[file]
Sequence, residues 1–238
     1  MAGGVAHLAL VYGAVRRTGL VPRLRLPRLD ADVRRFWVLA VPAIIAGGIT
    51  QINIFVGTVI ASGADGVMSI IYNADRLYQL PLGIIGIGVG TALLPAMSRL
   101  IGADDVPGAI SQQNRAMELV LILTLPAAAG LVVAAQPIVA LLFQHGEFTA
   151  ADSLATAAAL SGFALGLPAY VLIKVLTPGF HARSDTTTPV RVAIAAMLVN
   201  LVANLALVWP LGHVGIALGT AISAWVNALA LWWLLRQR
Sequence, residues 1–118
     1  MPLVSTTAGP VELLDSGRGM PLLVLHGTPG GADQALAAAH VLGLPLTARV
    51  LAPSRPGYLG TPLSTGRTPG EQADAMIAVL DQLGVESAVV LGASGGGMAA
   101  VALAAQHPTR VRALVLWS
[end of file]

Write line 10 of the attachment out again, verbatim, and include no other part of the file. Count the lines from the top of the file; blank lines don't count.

   101  VALAAQHPTR VRALVLWS